Comics and Graphic Narratives; Word and Image Studies; Cultural and Media Studies; Children’s and Youth Culture and Literature; Science Fiction and Fantasy; Narrative Theory; Adaptation; Genre Theory; Folktales and Fairy Tales.
I am Assistant Professor of European Literature at Radboud University, where I teach courses on modern literature and literary theory. My publications include a monograph, Anthony Trollope’s Late Style: Victorian Liberalism and Literary Form (Edinburgh UP, 2016), as well as a special issue on literature and economics forthcoming in the European Journal of English Studies (2017) and the Edinburgh Companion to Anthony Trollope (2019). I am currently working on a literary history of nineteenth-century diplomacy, with a particular focus on British and Irish views on the Risorgimento. I also have an interest in word and image studies and have created a film, The Pleasure of That Obstinacy, an intellectual portrait of J. Hillis Miller.
Currently completing a doctoral studies at Charles University in Prague on a linguistic analysis of abstraction and ambiguity in Mongolian riddles. Themes includes: “ruined” and “eroded” words, Tibetan, Sanskrit, and Chinese loanwords as traces of linguistic archeology; structural analysis of parallelism, layered and stepped riddles; missing ethnographic context; cosmological imagery generated through iconopeia or image-formation words; the function of deixis, movement and stasis in Mongolian riddles.
20th and 21st century Latin American (including Brazil) and Iberian literature and film. Catalan literature and film. Media and cultural studies. Modernism(s). Avant-garde and neo-avant-garde poetry. Electronic literature and new media arts (digital poetry, hypertext, blog-narratives, locative fiction, cyberculture). Documentary and experimental film. The intersection between technology and disability studies. Word and Image relations. Luso-Hispanic transatlantic connections. Intersections between engineering and culture (science and technology studies),
Prosopography: with IATH and Scholars’ Lab at UVA, I’m working on Collective Biographies of Women, an online bibliography and database. With Suzanne Keen, we’re developing an approach to nonfiction narrative, specifically biographies in “documentary social networks,” using a stand-aside XML schema, BESS. Always interested in books, Victorian literature, women writers and feminist studies, narrative theory. Looking for wisdom on space and narrative, word-image studies; in the DH context, this means things like Neatline and visualizations of all sorts. http://womensbios.lib.virginia.edu and http://cbw.iath.virginia.edu/cbw_db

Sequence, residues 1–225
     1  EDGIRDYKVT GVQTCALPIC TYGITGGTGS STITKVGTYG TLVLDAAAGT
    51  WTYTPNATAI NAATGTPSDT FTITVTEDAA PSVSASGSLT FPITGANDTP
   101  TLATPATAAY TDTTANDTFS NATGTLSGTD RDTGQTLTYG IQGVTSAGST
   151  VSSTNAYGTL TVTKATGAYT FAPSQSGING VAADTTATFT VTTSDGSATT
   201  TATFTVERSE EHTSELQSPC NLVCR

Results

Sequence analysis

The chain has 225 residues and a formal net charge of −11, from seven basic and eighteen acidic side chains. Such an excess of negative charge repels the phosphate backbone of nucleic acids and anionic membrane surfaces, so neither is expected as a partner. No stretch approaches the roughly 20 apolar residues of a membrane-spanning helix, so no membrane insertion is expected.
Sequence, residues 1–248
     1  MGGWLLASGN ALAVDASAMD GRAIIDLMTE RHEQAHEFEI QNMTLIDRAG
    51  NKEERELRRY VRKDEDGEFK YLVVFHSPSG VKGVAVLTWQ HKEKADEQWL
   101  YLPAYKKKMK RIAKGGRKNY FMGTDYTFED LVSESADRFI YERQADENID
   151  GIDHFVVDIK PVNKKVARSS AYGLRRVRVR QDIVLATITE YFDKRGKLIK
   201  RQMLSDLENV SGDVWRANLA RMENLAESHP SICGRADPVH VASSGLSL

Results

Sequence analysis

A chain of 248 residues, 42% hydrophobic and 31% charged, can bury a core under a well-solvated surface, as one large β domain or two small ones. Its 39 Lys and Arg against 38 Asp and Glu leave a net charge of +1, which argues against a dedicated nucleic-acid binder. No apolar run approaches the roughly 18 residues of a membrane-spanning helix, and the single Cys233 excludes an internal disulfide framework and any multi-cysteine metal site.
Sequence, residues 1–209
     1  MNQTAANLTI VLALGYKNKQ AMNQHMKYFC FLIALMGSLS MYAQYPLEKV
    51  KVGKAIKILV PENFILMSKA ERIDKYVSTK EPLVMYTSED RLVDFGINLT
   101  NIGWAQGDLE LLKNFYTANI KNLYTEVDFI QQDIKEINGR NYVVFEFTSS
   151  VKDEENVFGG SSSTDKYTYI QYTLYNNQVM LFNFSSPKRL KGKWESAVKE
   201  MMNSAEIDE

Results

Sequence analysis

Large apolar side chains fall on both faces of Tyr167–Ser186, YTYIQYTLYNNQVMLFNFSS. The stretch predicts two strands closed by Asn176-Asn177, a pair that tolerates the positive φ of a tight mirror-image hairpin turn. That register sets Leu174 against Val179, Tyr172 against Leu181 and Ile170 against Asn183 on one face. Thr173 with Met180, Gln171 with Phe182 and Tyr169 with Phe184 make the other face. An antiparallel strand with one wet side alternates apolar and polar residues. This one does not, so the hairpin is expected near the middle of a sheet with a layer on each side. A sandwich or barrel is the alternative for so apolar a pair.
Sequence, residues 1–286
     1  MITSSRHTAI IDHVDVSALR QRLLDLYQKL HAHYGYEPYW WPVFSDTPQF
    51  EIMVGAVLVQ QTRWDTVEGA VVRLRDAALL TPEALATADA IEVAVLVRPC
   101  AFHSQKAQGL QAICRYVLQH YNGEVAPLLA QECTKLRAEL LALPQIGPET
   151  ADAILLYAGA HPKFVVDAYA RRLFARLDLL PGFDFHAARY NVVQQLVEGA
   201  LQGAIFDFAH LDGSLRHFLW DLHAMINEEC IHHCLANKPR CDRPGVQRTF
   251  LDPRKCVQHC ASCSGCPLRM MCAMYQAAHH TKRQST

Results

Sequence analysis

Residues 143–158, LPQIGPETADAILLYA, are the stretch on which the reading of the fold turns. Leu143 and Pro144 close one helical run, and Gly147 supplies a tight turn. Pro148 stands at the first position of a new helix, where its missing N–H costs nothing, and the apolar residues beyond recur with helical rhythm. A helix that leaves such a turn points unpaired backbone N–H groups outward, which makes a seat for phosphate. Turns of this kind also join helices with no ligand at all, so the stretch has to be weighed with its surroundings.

Madeline B. Gangnes is a PhD candidate in English at the University of Florida and an alumna of the University of Dundee’s MLitt in Comics Studies program. Her research focuses on illustrated Victorian serialized fiction and the ways in which digital archives and digital humanities projects can be used to explore such texts in their periodical presentations. Madeline is assistant the editor of Studies in Comics and the editor of Sequentials. Her scholarship appears (or is forthcoming) in The Victorian Periodicals Review, The Journal of Graphic Novel and Comics, Studies in Comics, disclosure: A Journal of Social Theory, INKS: The Journal of the Comics Studies Society, and Art and Science in Word and Image: Exploration and Discovery (Brill, 2019).
New interdisciplinary project investigating how sacred texts are read with children and why. We aim to make cutting-edge work in the area of faith formation and religious education across faith traditions and cultures available to academics, faith communities, and the general public. If you would like to participate, either through writing for our blog or taking part in a future study day, please get in touch.
Dr. Jeanne Gillespie holds a Bachelor of Arts in Spanish from Purdue, a Master of Arts in Latin American Studies with concentrations in Anthropology and Art History from the University of Texas at Austin and a doctorate in Spanish with a concentration in Colonial Latin American Literature from the Arizona State University.Gillespie has published in peer-reviewed venues on Spanish colonial literary and cultural studies as well as in several areas related to innovative pedagogies and interdisciplinary inquiry. Her current research passion is the documentation of plant materials and healing practices in indigenous Mexican documents, especially poetic and dramatic texts that were collected during the Spanish colonial administration. In conjunction with that research avenue, she is preparing an article on women’s voices in the Iberian colonial record that examines Native American women whose words and accounts have been recorded in Spanish documents.Gillespie is also working on an article examining the letters to and from the Duchess of Aveiro, Maria Guadalupe de Lencastre, a driving force in the Jesuit missionary endeavors in Latin America and Asia. She is preparing a book manuscript Performing Spanish Louisiana: Isleño Décimas and the Narratives of St. Bernard Parish, an analysis of Isleño texts, images, and folklore from this Spanish-speaking community in south Louisiana. Gillespie exhibits a passion for finding fascinating stories and rendering them into accessible narratives for reflection and further investigation. She also actively participates in the dissemination of innovations in teaching and learning, including collaborative and integrative learning, online learning, digital initiatives, study abroad and other experiential learning pedagogies. She has taught courses at all levels of Spanish language and cultures. In addition, she teaches in the Women’s and Gender Studies program and in Interdisciplinary Studies. Gillespie is married to musician, John Palensky and is the mother of three vivacious children. Her home is filled with good food, great music and much love.